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The Vital Age

The Vital Age

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Published by glennpease



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Published by: glennpease on Apr 09, 2013
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THE VITAL AGEBY THE AUTHOR OF"PRO CHRISTO ET ECCLESIA"We know how joyful, how rapid, was the spreadof the influence of Jesus Christ in the first hundredyears after his death. In the teeth of cruel per-secution, in spite of slow travel and slow transcrip-tion, what Jesus called "the good news" liftedthe crippled civilisation of the Latin world, andsent it forward leaping and walking and praisingGod. There have been many explanations of thatfirst sudden growth and expansion of Christianityand of its subsequent checks and periods of stagna-tion. All these explanations have probably sometruth. It only concerns us here to observe that,as regards the authority on which our faith rests,we have much in common with the Christians of that most vital period. Because the problems of scholars have to-day escaped from the schools andgone abroad, the authority of our sacred writingshas become very much what that of the oral andwritten report was in that most ardent time. We,like the early heathen inquirers, find a tradition of the sayings and actions of "the Lord" which wewould fain believe to be historical. If historical,1 6 HIS THOUGHTS AD OURSwe know that its accuracy may be impugned, andwe must be as careful to compare one accountwith another as to probe each as far as may be tothe source. o other religious writings haveequal significance for us. We must pierce througheverything to the character and power of theactual "Lord" they present. Because it is bythat character and power that we must test thetruth of the record, we are not to be stopped inour longing look by the supposed sacredness of any letter or by the interpretation of any school — the one may be inaccurate, the other effete. Aboveall, we will not be impeded by any doctrines about
God which Jesus himself does not teach, for, likethe early heathen converts, we know not apartfrom him what God to believe in. ow, as atfirst, if we would seek any help stronger than self-help, if we feel any need for salvation, material orspiritual, we must, for dear life's sake, seek to findin the person of Jesus Christ a living and reliablepower, who can do for us something which wecannot do for ourselves.We turn to the Gospels and find that theirmain theme is a "kingdom," both present andeternal, to which Jesus calls all men, of which heis the king. This implies that he still lives in aninvisible world of spirit, very near, still calls to usto enter and enjoy the kingdom, to proclaim itspower and suffer for its sake. It is not enoughfor us now that the Church or the Book repeatsthe call. The edifice of the visible Church, agesold, marvellous and majestic, seemed to cant oversome while ago, some part of the foundationchap, ii THE VITAL AGE 17sinking below the ground, the door hanging loose.A better rock bottom may be touched; towersand walls may be righted, the door set firm, wehope, but in the meantime may not be sure.Many have trooped in without right of entrance,and have lived under the protection of the veilthat hangs before the inner presence-chamberexquisitely wrought of holy scripture. But nowthis veil has been rent in the midst by learningwhich we cannot impugn. The glory of theworkmanship may be enhanced by the rending of the poorer part, but we cannot now join the piecesperfectly. We who would not trifle with lifehave no choice but to run breathless into theHoly Place, each asking, "Who art thou, Lord ?"and "What wouldst thou have me to do?"The two questions are one, for personality isrevealed in the demand it makes upon otherpersons.This condition of things is full of hope. If,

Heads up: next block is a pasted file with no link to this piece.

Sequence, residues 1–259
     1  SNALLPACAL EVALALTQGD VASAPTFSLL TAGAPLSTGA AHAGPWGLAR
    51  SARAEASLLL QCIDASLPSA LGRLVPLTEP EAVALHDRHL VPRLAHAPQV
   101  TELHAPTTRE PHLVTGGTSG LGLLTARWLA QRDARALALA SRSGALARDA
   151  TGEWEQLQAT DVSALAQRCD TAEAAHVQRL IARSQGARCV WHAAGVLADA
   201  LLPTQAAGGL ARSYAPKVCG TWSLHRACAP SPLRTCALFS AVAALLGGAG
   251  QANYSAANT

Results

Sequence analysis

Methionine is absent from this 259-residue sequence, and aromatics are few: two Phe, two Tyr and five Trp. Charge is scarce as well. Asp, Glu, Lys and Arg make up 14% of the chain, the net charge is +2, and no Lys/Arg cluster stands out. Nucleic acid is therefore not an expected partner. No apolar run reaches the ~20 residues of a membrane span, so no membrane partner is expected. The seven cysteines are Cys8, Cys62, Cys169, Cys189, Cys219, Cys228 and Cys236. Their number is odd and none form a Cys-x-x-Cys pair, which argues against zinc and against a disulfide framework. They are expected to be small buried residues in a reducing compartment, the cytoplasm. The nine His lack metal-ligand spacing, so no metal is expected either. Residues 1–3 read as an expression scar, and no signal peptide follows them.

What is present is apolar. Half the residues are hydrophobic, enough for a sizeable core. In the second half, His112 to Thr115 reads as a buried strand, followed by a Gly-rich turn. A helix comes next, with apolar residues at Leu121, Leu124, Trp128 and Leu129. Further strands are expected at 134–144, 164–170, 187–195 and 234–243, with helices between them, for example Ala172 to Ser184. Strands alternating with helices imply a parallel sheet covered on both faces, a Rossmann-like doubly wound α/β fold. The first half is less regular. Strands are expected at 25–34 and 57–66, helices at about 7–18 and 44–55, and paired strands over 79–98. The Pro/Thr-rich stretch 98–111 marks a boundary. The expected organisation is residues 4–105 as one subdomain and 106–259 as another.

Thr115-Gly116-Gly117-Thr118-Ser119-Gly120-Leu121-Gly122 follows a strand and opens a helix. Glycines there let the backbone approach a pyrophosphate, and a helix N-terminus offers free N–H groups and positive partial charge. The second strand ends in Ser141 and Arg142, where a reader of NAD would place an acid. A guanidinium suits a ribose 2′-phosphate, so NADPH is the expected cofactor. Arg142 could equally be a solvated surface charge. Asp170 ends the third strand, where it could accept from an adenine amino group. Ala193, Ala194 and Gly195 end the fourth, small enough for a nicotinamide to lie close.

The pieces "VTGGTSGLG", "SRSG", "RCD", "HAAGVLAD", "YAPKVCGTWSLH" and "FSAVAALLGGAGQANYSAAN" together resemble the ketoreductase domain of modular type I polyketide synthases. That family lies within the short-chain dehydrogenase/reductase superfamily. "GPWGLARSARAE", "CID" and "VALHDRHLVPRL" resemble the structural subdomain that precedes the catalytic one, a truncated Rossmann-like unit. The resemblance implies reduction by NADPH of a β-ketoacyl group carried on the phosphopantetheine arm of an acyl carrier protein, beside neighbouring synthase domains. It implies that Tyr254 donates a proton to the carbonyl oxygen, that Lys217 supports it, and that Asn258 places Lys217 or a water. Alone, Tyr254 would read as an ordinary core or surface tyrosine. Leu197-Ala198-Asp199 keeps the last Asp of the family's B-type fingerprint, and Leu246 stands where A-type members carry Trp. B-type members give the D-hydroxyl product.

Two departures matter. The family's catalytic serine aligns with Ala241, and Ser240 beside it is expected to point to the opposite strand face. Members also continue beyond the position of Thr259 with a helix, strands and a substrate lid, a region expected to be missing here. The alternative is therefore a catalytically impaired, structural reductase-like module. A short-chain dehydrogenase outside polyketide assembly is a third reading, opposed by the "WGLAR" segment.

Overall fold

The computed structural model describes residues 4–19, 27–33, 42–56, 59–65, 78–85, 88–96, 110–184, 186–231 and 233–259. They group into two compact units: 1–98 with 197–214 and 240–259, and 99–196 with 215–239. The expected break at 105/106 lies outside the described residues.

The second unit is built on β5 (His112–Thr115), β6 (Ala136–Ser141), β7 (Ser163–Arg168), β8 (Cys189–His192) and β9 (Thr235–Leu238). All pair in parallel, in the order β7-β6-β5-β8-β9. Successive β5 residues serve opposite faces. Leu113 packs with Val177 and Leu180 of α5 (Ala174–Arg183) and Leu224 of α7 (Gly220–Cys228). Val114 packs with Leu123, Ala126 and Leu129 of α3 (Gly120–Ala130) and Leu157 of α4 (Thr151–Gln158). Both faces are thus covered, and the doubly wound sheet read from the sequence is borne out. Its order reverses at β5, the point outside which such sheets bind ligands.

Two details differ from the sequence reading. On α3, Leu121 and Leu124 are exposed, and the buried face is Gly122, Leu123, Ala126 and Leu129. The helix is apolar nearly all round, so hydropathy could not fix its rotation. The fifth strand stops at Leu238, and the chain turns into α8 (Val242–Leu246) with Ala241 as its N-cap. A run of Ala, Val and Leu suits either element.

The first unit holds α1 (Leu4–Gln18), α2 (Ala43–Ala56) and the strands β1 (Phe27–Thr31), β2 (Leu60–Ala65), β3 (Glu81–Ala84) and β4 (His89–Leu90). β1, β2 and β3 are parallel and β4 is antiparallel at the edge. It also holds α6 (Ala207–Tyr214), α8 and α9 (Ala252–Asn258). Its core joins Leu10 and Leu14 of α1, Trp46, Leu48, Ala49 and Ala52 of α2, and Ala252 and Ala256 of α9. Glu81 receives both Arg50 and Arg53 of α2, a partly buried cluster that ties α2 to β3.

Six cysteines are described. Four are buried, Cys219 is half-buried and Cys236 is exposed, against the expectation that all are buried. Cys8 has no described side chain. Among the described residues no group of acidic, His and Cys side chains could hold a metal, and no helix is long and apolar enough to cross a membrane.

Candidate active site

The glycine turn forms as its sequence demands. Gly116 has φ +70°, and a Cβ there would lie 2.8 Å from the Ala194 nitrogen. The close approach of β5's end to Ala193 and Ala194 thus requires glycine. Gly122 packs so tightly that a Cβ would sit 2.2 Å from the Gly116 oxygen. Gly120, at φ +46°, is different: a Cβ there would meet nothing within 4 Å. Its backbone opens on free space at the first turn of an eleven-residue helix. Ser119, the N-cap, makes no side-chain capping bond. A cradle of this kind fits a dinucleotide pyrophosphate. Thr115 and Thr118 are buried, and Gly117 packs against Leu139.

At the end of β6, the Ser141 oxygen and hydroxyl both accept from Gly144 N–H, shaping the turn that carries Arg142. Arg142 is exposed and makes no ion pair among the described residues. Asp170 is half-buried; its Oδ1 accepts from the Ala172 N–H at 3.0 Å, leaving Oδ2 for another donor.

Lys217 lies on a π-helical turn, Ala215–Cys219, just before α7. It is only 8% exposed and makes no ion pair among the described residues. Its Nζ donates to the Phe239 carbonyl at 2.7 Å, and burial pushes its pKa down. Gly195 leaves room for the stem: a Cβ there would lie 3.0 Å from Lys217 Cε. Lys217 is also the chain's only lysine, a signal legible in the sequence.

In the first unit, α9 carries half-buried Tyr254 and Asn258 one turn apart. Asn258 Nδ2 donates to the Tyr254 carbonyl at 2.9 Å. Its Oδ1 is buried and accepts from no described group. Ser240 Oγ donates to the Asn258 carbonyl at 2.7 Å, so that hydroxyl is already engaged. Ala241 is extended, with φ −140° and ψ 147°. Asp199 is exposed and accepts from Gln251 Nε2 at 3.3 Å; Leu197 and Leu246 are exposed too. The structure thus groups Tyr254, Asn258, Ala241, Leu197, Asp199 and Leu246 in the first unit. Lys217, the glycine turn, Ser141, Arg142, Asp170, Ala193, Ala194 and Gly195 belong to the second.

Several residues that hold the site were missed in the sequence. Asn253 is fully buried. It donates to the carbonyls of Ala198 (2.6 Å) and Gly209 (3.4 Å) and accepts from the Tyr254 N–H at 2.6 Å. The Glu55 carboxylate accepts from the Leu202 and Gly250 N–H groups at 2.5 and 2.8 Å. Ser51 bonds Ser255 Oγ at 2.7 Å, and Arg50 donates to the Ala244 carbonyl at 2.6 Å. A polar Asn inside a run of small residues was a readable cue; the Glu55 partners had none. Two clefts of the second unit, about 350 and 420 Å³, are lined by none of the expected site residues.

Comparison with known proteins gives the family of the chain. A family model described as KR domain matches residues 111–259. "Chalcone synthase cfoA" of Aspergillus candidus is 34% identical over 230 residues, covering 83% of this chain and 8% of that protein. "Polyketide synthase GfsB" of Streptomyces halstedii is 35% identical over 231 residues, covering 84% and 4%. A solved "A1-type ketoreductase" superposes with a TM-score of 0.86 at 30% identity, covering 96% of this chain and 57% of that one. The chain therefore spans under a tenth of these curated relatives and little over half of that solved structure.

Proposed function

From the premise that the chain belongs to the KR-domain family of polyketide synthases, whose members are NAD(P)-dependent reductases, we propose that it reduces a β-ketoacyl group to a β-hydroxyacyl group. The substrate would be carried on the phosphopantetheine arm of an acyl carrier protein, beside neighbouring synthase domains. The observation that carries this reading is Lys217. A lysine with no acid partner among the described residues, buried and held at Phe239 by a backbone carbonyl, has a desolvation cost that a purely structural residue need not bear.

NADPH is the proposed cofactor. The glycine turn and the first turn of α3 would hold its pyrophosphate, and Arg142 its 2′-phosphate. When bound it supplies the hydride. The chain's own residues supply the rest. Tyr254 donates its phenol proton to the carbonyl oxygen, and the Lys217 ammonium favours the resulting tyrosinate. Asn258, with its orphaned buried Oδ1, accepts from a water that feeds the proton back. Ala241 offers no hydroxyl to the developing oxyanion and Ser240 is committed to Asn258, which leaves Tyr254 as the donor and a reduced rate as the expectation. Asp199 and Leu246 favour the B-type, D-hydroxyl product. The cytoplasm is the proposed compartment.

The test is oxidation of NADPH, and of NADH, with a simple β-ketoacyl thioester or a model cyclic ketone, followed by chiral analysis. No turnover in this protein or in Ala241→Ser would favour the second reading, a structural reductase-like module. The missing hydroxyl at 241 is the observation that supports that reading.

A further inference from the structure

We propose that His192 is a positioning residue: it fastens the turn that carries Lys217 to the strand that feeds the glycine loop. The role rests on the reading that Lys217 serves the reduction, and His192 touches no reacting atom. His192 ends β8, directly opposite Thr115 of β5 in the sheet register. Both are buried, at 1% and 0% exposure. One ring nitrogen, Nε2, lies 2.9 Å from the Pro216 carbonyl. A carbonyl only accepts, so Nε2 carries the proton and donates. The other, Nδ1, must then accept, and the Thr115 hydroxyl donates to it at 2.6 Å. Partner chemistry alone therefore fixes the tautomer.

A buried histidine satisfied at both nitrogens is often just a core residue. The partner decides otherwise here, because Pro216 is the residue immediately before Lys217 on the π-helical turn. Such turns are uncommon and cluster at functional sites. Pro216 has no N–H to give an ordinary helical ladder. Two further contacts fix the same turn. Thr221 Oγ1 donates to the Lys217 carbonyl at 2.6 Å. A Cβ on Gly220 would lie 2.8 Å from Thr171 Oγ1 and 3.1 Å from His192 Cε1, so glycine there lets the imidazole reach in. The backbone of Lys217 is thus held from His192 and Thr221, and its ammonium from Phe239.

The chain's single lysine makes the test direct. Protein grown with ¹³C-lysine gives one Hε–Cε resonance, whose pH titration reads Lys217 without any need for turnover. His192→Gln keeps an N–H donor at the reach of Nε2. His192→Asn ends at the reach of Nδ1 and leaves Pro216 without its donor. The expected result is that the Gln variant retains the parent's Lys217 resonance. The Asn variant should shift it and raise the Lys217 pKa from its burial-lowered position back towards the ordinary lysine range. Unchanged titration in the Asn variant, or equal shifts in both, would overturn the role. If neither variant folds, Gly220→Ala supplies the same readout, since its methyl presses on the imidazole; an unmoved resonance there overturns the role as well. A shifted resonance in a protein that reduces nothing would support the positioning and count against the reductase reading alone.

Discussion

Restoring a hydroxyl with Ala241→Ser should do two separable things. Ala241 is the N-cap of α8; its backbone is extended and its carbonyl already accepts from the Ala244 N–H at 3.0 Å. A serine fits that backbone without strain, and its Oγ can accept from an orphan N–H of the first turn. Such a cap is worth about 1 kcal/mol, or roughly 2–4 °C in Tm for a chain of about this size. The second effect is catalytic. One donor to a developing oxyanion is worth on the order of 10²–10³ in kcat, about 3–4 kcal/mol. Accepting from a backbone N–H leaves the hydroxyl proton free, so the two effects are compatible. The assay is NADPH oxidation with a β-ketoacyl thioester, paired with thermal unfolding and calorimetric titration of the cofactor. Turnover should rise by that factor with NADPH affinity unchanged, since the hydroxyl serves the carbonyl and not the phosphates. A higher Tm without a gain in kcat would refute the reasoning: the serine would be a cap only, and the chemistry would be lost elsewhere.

in the unsettlement of the hour, we are no worseoff than the early Christians, we may hope to bewhat they were. If Jesus Christ was not hisown revelation, then the sacred canon of theBook or Holy Church could never have comerightly into being, built up as they were by menwho had no guide but his Spirit. If Jesus Christis his own revelation, now, as in the first Christianages before the first canon of Scripture was formedor the voice of the Church unified, each man mayweigh all reports concerning him, find that personalrevelation for himself, and follow only in obedienceto the heavenly vision. ow we may see faithc18 HIS THOUGHTS AD OURSin the Christ again glow and spread like living,leaping flame. Church and Scripture, in so far asthey represent him, will be reinstated.There is, indeed, already much evidence of thispurging and rapid fire of the living Christ in thefield of foreign missions. To one class of Christianmissionaries we would here draw particular atten-tion, because they are in the condition of theprimitive Christians. They have existed in allages, but they are now very numerous, and giveabundant testimony. We refer to certain nativeChristian teachers in heathen countries, who goforward with the practice of the presence of JesusChrist as their only learning, their only means of support, and their only reward. 1 These men bravethe worst persecution, they teach their converts tobrave it, thinking it well worth while for thebenefit that is theirs. Some heal the sick, castout devils, and buy their daily bread with coinsminted in the bank of faith. If they are deludedit is our duty to go and raise them above theirsuperstitions; if, on the other hand, they havefound a saner and more abundant life than weexperience, they have discovered its vital germs inthe small, uncommentaried translations of theGospels which they carry, on which they feed, asource to which we have access, which may produce

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